Globalization is the worldwide movement to increase the flow of goods, services, people, real capital, and money across borders in order to create a more integrated world economy. Previously, I wrote of international trade in antiquities, but let take a look at trade during antiquity and how it has affected today’s economy. Trade networks have always followed the trends of politics, economics, technology, and most importantly culture. Exotic luxury goods demanded by elites encouraged trade to gain momentum: Incense Route, Silk Road, Amber Road, Spice Route, and Tea Route. Soon, economics became so interconnected that World Systems became dependent on each other.
globalEDGE Blog - By Tag: international-trade
Japan is the world’s third largest economy and the United States is the largest economy in the world ranked by GDP. But, these two huge economies do not have a free trade agreement, which strikes the question – why not? Obviously, there are a lot of reasons why these two great nations have not struck a deal yet, but one could be on the horizon.
“Trade creates wealth”: an age-old saying oft used to break international boundaries for the free exchange of goods, services, currency, and capital. But this age-old saying does not hold true when it comes to the underground economy of old-age empires’ wealth. Trafficking antiquities not only creates sinkholes in the public goods marketplace, but it also depreciates cultural heritage sights. Furthermore, these black market deals are exponentially increasing the rate of cultural homogenization by privatizing potential world-heritage commodities. Why be entrepreneurial with a public good like history? It is far more meaningful for archeologists, history enthusiasts, and the inquisitive society. Due to its unauthorized, undisclosed, unregulated, and highly informal, the black market for antiques can only be scratched at surface level but three distinctive vacuums emerge: currency, knowledge, culture.
A few months ago, Zheng wrote a blog post about a possible Trans-Atlantic trade agreement. Recently, talks have been heating up between the United States and the European Union with negotiations on a trade deal likely to begin by the end of June. The free trade agreement, if passed, would remove tariffs and reduce other barriers to trade, spurring economic growth, exports and job creation for both parties. Given the stagnant state of the global economy, there is much excitement over a potential deal and optimism is high that an accord will be reached.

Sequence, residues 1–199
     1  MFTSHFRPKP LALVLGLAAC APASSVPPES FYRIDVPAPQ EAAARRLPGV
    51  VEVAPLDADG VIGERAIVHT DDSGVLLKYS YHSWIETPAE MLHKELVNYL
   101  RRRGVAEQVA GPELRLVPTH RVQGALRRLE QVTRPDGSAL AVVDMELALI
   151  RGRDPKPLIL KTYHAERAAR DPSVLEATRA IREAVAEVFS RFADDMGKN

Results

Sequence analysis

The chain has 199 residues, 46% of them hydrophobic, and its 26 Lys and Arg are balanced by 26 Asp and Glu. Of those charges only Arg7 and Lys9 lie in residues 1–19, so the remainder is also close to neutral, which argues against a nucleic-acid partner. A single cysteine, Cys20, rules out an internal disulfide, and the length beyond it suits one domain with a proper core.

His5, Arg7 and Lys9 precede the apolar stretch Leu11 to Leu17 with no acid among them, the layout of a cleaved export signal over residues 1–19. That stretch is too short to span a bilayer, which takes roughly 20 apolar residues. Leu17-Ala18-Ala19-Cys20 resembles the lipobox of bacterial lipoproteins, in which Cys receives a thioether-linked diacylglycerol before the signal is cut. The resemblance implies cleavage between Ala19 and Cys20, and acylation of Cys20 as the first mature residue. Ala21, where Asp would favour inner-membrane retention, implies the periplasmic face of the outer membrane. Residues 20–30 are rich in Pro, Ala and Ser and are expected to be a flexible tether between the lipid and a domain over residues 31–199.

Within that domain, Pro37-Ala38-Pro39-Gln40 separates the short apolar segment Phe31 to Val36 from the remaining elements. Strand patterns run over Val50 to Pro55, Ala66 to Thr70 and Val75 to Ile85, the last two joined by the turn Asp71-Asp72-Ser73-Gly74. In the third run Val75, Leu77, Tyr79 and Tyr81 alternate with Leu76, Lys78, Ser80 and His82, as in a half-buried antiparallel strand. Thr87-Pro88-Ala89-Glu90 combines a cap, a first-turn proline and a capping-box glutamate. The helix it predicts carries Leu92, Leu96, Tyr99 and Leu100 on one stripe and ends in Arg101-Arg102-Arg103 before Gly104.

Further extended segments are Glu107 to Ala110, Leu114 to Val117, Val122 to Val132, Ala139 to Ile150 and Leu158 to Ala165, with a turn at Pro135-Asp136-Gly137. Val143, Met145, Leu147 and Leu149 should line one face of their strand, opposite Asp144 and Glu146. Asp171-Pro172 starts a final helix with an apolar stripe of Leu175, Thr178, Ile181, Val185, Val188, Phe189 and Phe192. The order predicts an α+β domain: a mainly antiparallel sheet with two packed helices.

The World Trade Organization is investigating an Indian governmental program that requires solar energy producers to use Indian manufactured solar cells instead of imported products. Several U.S. environmental groups are pressing the WTO to not pursue action against India, saying that ending the program would threaten the ability of India to cut greenhouse gas emissions. The irony is that India’s green energy industry would be harmed if no action were to be taken, a blow to the environmentalists goal of increasing alternative energy use throughout the globe.
What leads to the prosperity of nations? It is an interesting question that many have tried to answer throughout time. It puzzles many that a small island off the northern edge continental Europe can come to dominate the globe for a period of time. There surely is not one answer to this question and, in fact, there are many more that can be written. Niall Ferguson takes on this question through the effect that financial institutions have on the prosperity of nations in his financial history of the world in The Ascent of Money.
Out of the millions of businesses in the United States, only about 1.5 percent of these companies sell their products internationally. Furthermore, over half of these businesses exported to only one foreign market. So what can be done to increase U.S. exports? Doug Barry of the U.S. Commercial Service has the answer. In his book, Exporters! The Wit and Wisdom of Small Business Owners Who Sell Globally, Doug Barry shares 26 success stories from small companies in the United States who made the leap of faith in selling their products abroad. These companies started from small beginnings and now make products for customers throughout the world.
How do you know if a currency is overvalued or undervalued? Well, there are currently many measures that contribute to determining the fair value of a currency. One common measure is evaluating purchasing-power parity (PPP) and another is determining whether or not a country’s trade deficit or surplus is representative of the country’s fundamental economic attributes. Although these factors can together accurately determine a currency’s fair value, a universal method is still lacking.